Anti-Semitism: The Elephant On the Boardwalk

THIS IS WHAT I KNOW--Yesterday, I joined the ‘Alt Right is Not Alright’ March in Venice -- and knew I’d write an article about my experience. What I could not foretell was that the column I’d write would end up being quite different from what I had intended. 

As a Jew, I’ve taken last Saturday’s horrific display of hatred in Charlottesville very hard -- along with all the events leading up to what has emboldened hate groups to “come out” from the shadows of the anonymous internet. I was taught throughout my childhood by my parents and by my childhood rabbi that we Jews have a responsibility to defend anyone who is the target of prejudice and hatred. 

As a people, we’ve faced over 2,000 years of others attempting to wipe us off the face of the earth. We joke that our holidays are about, “They tried to kill us. We survived. Let’s eat!” Six-million Jews were tortured and murdered during the Holocaust -- which decimated European Jewry. We should have learned from the history of our people. 

I’ve felt and continue to feel sorely disappointed that some of my fellow Jews have been silent as immigrants, Muslims, members of the LGBT community, and others have been targeted by Donald J. Trump’s campaign and since, his administration. I feel disgruntled that some have raised their concerns only after our own were targeted in Charlottesville. 

I’ve struggled with my decision to write this column. I reached out to numerous friends because I feared what I have to say might be taken out of context but in the end, with the encouragement of my community, including my high school Spanish teacher and my father, I knew I had to write this.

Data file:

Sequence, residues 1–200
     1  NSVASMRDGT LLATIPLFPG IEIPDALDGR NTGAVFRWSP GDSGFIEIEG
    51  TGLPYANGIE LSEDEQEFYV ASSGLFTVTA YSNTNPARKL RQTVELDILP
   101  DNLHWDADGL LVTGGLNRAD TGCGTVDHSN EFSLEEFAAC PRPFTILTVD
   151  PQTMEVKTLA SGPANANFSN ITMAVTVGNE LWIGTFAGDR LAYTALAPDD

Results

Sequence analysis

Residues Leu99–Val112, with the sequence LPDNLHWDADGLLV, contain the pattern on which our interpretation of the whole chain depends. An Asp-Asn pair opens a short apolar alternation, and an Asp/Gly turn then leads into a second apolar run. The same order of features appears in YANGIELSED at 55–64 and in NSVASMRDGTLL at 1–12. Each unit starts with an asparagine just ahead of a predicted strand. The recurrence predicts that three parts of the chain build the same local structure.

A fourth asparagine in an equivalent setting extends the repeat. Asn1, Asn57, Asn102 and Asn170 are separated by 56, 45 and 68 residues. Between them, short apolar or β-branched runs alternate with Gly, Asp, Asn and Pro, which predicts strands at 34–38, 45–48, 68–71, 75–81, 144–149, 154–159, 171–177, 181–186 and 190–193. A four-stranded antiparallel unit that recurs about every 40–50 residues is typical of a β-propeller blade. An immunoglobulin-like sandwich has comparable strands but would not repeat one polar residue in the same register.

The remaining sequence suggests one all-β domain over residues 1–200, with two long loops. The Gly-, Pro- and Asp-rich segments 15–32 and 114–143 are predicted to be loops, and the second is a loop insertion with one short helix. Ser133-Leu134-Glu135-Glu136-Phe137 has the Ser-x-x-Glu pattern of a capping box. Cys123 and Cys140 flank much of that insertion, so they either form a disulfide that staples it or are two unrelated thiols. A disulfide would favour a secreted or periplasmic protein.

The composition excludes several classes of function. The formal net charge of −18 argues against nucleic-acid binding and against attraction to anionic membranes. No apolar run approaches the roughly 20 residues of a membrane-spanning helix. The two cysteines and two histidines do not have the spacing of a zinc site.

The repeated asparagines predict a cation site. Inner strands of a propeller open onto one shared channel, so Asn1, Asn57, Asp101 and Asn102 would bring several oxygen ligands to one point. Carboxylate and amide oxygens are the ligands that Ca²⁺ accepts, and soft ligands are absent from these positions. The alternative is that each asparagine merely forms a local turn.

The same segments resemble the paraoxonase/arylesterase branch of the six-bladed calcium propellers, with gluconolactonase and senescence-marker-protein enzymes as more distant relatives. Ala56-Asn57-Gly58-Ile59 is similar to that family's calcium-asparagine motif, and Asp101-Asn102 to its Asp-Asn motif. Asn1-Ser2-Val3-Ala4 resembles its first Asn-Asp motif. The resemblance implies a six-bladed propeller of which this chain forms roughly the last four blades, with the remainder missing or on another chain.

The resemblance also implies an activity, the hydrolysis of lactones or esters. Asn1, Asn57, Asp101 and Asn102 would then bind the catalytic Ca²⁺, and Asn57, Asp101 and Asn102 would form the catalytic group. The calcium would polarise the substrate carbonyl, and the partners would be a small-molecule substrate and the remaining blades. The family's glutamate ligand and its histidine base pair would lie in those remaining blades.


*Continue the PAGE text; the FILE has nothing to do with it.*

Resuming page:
Yesterday, I stood with hundreds of protesters carrying signs, listening to a lineup of speakers. I have gratitude for the organizers of the event and tremendous empathy for the struggles continuously faced by the groups represented, going back over well over a century. 

I could have focused on recounting the “No Trump, No Fascists, No KKK.” chants, the messaging of the speakers who brought tears to my eyes. One shared his grandparents had torn down all the trees in their Venice yard because they had seen too many lynchings in their Southern state. I could have limited my column to the struggles of the proud Tongva people whose ancestors had inhabited the Los Angeles Basin and Southern Channel Islands. I have tremendous respect for the ways in which they have maintained their culture. I could have written only about the tears of appreciation in the eyes of employees at salons, restaurants, businesses who couldn’t take time off work but high-fived us as we walked by. 

What I am about to say in no way minimizes the positive impact of the march. 

As I listened to each speaker’s important speech, I noted there was no mention of the anti-Semitism in Charlottesville. Anti-Semitism is the elephant in the room. 

I spent much of yesterday reflecting about this, about the role of Jews in this new era of transparent hatred. Perhaps we are considered among those who are “privileged.” Certainly, in contemporary American society, our experience is not the same as the challenges people of color face each day. Jews aren’t targets of racial profiling; Jewish mothers don’t worry about their children being pulled over my rogue cops, unsure of the outcome. As my daughter noted, we can hide our identity if we choose to do so.